Dental malocclusions imply breathing and sleep disorders. These include and are not restricted to crossbites, maxillary vertical excess, anterior open bites, scalloping of the tongue, tongue thrust and tongue-ties, descended soft palates and uvulas, increased caries, and periodontal inflammation.

Dental professionals need to be the sentinels of systemic inflammation, responsible for preventing high-risk oxygen/sleep deprivation and reduced breathing, which damages the health of both the mouth and the body. We will advance in the battle to eradicate these causes through testing, education, and implementation.

  1. Blood Sugar Dysregulation

Researchers who investigate the link between diabetes and periodontal disease have learnt that blood sugar levels and the periodontal inflammatory response appear to be related. When people consume a diet full of refined sugars, cereals, pastas, vegetable oils, and breads, it could lead to metabolic syndrome, high cholesterol and blood pressure, insulin resistance, and weight gains. This can lead to Type 2 diabetes, which creates considerable inflammation throughout the body.

So, whose responsibility is it to combat the damaging effects of high-risk blood sugar dysregulation on both the mouth and the body? Dental professionals. Dental professionals need to be the sentinels of systemic inflammation, responsible for preventing high-risk oxygen/sleep deprivation and reduced breathing, which damages the health of both the mouth and the body. We will advance in the battle to eradicate these causes through testing, education, and implementation.

Recognizing the above “Big 3” of oral-systemic inflammatory connections permits us to direct our work in the right way for those patients we serve.

That will lead us to frame a strategy of implementation as sentinels of systemic inflammation.

A STRATEGY FOR THE SENTINELS OF SYSTEMIC INFLAMMATION

Our objective is to maximize healthy conditions for each and every patient we serve through the mitigation of oral and systemic inflammation.

The “steps” for achieving this objective will be education, testing for the Big 3, and implementation.

  1. Education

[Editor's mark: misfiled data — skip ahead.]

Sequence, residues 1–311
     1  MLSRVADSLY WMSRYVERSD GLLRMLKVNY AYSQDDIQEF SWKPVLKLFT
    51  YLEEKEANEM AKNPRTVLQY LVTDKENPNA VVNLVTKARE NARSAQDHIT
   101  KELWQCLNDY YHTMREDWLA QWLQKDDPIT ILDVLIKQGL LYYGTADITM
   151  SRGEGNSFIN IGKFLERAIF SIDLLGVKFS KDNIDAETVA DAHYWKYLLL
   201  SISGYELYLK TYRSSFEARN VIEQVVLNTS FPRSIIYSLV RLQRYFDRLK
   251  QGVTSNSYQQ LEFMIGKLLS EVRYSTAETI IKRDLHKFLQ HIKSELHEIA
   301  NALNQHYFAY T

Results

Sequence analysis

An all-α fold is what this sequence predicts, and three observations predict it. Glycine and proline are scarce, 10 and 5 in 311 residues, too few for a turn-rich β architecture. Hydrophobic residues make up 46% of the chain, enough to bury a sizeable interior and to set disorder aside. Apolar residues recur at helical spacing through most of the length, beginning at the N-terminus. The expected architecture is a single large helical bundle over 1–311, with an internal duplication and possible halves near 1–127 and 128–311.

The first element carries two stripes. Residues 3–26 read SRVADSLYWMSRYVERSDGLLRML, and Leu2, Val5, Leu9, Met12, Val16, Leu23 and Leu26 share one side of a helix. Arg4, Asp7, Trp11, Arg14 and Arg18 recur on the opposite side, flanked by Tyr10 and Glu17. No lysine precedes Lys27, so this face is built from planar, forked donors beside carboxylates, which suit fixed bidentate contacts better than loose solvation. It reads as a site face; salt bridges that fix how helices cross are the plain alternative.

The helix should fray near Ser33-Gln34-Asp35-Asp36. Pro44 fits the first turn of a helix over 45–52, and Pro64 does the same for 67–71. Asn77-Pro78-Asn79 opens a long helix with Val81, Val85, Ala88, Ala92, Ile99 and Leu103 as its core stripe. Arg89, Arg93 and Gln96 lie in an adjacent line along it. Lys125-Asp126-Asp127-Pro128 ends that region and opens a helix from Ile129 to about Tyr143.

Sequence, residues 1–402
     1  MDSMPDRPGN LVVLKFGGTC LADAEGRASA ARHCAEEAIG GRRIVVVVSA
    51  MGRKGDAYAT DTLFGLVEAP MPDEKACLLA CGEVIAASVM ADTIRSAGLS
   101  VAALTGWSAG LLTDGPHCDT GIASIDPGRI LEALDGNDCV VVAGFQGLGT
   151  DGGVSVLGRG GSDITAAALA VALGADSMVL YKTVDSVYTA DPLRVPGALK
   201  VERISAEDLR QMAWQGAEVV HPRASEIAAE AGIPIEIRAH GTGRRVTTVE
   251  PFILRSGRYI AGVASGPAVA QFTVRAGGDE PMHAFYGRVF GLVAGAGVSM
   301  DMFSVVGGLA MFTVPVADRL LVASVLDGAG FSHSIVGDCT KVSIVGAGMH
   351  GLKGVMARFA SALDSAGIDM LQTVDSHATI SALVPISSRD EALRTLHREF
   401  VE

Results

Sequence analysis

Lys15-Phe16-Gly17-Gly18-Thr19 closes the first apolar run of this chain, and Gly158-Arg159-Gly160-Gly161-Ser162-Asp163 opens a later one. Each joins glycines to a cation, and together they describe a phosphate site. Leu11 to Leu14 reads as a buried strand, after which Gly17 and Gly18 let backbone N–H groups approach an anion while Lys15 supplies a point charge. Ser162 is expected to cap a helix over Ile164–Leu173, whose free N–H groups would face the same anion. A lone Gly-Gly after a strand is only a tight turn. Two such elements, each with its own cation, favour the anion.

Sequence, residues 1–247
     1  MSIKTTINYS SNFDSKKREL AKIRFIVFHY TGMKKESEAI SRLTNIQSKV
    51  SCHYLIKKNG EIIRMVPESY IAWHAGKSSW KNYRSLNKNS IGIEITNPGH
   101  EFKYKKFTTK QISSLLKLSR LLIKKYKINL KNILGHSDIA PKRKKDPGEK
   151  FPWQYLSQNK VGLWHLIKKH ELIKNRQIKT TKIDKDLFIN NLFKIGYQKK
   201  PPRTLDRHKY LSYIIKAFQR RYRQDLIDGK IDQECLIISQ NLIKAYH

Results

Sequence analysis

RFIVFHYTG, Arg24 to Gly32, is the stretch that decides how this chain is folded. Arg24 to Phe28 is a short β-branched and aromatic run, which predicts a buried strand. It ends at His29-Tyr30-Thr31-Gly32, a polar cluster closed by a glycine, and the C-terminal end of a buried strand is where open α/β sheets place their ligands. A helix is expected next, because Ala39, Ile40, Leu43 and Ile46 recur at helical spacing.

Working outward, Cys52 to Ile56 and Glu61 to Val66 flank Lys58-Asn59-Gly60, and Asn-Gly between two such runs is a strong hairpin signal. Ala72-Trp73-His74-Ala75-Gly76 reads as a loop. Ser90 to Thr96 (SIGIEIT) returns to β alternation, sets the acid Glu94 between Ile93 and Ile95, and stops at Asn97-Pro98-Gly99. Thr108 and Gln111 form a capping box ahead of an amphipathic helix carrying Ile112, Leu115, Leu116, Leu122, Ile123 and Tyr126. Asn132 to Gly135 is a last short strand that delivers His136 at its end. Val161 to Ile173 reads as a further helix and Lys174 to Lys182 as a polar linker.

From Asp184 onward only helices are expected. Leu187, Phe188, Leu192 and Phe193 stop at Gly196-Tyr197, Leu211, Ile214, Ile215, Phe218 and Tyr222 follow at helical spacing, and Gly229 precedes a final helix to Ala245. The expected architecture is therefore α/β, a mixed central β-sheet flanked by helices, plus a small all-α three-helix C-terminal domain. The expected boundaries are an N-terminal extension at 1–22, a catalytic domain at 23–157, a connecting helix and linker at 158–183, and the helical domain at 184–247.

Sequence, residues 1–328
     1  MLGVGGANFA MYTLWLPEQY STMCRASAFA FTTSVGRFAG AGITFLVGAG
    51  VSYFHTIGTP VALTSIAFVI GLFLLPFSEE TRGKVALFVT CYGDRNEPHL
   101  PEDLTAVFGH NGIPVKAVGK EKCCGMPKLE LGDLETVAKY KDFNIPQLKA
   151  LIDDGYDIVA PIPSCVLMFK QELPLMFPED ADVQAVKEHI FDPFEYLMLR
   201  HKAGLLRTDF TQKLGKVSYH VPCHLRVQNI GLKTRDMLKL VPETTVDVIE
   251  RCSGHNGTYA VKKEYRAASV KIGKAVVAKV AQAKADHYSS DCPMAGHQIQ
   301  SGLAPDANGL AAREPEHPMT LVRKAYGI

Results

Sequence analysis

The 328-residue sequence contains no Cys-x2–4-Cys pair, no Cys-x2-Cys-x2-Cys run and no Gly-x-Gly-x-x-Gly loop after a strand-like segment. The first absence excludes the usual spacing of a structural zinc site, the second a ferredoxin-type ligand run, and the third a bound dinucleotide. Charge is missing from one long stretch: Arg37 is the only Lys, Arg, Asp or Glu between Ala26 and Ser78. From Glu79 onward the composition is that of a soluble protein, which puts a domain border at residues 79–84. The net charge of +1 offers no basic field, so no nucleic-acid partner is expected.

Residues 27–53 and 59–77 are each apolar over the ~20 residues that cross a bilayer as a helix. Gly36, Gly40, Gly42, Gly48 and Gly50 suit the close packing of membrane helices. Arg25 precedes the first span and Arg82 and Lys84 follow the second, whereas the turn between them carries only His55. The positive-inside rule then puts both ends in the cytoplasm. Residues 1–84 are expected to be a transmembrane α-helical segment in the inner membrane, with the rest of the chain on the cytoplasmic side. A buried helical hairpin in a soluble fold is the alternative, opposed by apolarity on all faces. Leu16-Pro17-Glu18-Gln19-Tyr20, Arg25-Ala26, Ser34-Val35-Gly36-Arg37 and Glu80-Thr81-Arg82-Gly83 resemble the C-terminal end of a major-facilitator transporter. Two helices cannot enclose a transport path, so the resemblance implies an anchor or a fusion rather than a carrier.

We need to raise awareness among our patients of the risks that ensue on their overall health, from the Big 3. As the sentinels of systemic inflammation, starting a comprehensive patient education program should be the next step, with communication bolstered through thorough self-assessment questionnaires that enquire about the various conditions and symptoms that they may hold. Notify them of the diagnostics and examination processes that you administer to them, so that they can recognize their disorders, diseases, and conditions.

  1. Testing

To take the diagnostic process further you will need testing:

  • Oral Pathogens: For dangerous oral pathogens, salivary testing is preferred.
  • Sleep & Oxygen Deprivation: Home sleep test (HST), high-resolution pulse oximetry (HRPO), and heart rate variability (HRV) monitoring help assess nervous system activity during one’s sleep.
  • Blood Sugar Dysregulation: To assess glucose (blood sugar), a hemoglobin A1c (HbA1c) Fingerstick Test is preferred. The results can be obtained within 6 minutes!
  1. Implementation

If we, as dental professionals, adhere to this model of practice, we will gain progressive strategies that help improve accuracy in treatment planning and in mitigating the spread of dangerous inflammatory conditions, These can include nutritional counseling, tongue-tie release surgery, expanded periodontal protocols, expanding dental arches, and all-round collaboration with teams of dental and oral health specialists.

CONCLUSION

As oral health specialists, we should try our best to save lives! Being sentinels of oral-systemic inflammation, we understand many of the important underlying factors, we know the target and have the offensive arrows of education, testing, and implementation, and we can now passionately move forward with unwavering commitment!